Older people, women and those with a wide range of symptoms in the first week of their illness appear to be most likely to develop “long COVID,” according to a preprint paper posted online by researchers at King’s College London on Wednesday.
The paper defines “long COVID” as having symptoms persist for more than four weeks, while a short duration of COVID-19 was defined as less than 10 days, without a subsequent relapse.
About 1 in 20 people with Covid-19, or 4.5%, are likely to experience symptoms for eight weeks or more, the preprint analysis of data from the COVID Symptom Study app showed. The analysis has not been published in a peer-reviewed journal.
The data was collected from 4,182 users of the app in the U.K. who reported testing positive for coronavirus and regularly logged their health information in the app.
When it came to the sets of symptoms reported, the research identified two main groups of long COVID-19 sufferers. One group experienced mainly respiratory symptoms, such as a cough and shortness of breath, plus fatigue and headaches. The other group experienced “multi-system” symptoms in many parts of the body, such as heart palpitations, gut issues, pins and needles or numbness, and “brain fog.”
“It’s important we use the knowledge we have gained from the first wave in the pandemic to reduce the long-term impact of the second. This should pave the way for trials of early interventions to reduce the long term effects,” said Dr. Claire Steves, clinical academic and senior author from King’s College London, in a news release.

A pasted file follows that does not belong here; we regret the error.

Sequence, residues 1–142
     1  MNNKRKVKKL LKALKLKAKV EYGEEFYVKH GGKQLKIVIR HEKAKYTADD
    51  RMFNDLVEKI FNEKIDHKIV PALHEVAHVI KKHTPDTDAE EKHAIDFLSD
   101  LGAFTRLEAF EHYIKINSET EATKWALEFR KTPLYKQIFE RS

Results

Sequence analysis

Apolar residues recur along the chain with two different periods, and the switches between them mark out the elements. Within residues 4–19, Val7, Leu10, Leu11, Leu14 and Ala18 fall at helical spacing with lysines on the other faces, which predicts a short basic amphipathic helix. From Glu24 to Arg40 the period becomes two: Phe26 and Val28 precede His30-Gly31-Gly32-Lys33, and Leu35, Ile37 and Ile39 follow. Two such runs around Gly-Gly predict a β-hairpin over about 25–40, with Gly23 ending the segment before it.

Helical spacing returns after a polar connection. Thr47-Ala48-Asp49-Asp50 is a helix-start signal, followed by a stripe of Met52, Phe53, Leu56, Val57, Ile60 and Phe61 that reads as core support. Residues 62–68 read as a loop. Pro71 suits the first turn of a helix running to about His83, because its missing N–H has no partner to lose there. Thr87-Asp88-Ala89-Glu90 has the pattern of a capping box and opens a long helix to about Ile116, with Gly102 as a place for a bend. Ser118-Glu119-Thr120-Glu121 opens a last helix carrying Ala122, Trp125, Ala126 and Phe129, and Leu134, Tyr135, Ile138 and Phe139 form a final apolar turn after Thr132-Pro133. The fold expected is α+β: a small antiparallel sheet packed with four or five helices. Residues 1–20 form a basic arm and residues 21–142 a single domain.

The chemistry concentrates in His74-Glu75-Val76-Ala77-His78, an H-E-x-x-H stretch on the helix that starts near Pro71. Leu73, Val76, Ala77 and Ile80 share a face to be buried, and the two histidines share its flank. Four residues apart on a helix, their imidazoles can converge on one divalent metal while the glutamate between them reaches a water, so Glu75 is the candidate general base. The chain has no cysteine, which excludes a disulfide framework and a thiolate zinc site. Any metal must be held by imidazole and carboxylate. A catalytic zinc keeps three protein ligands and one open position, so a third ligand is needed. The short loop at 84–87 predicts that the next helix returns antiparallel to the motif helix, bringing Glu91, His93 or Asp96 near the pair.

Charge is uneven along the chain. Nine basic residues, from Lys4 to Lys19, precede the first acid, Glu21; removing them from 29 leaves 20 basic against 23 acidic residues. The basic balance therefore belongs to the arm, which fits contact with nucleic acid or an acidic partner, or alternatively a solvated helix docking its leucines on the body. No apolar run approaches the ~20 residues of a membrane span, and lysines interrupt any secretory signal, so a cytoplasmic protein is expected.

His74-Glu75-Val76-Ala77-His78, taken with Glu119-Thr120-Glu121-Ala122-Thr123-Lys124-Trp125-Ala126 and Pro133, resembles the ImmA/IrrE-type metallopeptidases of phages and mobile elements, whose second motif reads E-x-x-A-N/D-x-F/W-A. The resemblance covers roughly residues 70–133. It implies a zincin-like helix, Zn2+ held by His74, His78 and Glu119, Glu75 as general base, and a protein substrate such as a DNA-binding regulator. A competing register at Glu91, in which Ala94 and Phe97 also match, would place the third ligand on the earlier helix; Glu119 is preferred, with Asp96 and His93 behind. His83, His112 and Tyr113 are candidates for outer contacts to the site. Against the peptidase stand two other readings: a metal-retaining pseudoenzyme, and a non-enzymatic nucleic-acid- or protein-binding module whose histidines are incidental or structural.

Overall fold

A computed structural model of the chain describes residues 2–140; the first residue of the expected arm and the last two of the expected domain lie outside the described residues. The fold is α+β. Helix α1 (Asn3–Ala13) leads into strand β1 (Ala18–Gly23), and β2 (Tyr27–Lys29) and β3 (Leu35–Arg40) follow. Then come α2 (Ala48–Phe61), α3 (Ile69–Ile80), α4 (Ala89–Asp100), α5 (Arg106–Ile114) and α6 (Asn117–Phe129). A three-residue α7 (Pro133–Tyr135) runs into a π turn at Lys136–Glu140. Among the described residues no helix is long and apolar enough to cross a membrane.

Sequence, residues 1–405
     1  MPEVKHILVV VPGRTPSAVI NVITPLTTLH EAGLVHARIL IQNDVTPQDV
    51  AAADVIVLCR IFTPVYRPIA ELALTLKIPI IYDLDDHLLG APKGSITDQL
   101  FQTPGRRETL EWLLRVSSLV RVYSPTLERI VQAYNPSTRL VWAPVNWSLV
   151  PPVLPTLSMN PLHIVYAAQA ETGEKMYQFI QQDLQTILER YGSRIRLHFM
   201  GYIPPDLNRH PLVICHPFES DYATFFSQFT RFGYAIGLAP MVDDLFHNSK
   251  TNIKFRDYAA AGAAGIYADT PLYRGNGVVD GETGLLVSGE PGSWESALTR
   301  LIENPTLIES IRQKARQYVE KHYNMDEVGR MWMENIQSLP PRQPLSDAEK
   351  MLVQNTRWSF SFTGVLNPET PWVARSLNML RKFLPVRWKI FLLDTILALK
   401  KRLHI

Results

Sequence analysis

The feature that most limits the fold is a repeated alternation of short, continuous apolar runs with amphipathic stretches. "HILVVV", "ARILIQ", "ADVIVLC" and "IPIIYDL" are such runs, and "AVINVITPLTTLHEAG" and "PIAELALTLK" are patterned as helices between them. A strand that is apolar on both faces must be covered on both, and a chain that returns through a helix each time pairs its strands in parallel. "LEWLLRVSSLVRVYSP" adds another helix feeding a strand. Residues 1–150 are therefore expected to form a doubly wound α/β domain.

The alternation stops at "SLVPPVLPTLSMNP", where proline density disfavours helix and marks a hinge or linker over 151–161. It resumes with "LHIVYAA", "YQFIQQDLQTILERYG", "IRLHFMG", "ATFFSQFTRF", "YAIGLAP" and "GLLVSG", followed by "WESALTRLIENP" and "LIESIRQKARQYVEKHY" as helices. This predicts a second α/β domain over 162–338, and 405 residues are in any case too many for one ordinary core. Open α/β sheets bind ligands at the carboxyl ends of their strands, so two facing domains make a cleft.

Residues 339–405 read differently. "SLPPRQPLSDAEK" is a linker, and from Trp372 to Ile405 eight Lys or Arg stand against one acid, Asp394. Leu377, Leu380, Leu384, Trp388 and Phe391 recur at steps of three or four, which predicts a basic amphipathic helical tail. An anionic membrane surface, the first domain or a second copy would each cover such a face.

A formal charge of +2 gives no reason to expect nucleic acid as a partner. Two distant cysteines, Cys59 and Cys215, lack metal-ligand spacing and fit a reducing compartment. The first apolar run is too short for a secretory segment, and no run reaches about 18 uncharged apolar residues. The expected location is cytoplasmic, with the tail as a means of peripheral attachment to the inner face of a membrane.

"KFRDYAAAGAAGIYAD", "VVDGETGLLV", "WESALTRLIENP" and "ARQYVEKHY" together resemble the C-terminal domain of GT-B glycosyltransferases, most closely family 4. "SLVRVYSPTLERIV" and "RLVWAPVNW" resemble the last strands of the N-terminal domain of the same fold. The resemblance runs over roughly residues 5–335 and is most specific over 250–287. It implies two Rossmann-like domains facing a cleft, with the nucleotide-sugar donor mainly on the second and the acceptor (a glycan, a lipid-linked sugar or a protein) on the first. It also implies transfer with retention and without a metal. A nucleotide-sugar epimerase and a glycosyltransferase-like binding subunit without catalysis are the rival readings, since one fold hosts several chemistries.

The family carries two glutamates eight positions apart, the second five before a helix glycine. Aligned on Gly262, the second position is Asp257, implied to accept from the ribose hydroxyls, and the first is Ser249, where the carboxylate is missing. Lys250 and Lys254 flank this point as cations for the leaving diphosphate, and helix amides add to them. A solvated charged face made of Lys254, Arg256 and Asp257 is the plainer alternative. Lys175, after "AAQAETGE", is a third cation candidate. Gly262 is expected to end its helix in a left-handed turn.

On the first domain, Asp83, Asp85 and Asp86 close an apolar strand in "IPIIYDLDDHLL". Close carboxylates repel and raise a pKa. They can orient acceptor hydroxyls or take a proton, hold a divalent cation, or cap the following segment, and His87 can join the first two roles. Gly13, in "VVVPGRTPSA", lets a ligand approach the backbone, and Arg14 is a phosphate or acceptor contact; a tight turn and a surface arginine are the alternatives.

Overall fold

While most of the people with COVID-19 in the study reported being back to normal in 11 days or less, about 1 in 7 reported symptoms lasting for at least four weeks, about 1 in 20 for at least eight weeks and about 1 in 50 for at least 12 weeks.
Long COVID-19 sufferers were also twice as likely to report a relapse after they recovered compared with those who had “short COVID” (16% vs 8.4%).
About 1 in 5 adults older than 70, or 21.9%, who tested positive for coronavirus developed long COVID, compared with about 1 in 10 18- to 49-year-olds, the study found. Women were more likely to suffer from long COVID than men — at 14.9% of women compared to 9.5% of men — but only in the younger age group.
People who developed long COVID also had a slightly higher average BMI than those with short COVID, according to the paper. The researchers also found that people with asthma were more likely to develop long COVID, but found no clear links to any other underlying health conditions.
The analysis has several limitations, including that it is based on self-reported information, was conducted online via an app, and the app users were disproportionately female and younger than 70.
The researchers used the information to develop a model to predict who is most at risk of long COVID based on their age, sex, and count of early symptoms. Statistical tests showed that this simple prediction was able to detect more than two thirds (69%) of people who went on to get long COVID (sensitivity), and 73% effective at avoiding false alarms (specificity).
The team then tested this model against an independent dataset of 2,472 people who reported a positive coronavirus antibody test result with a range of symptoms and found that it gave similar predictions of risk.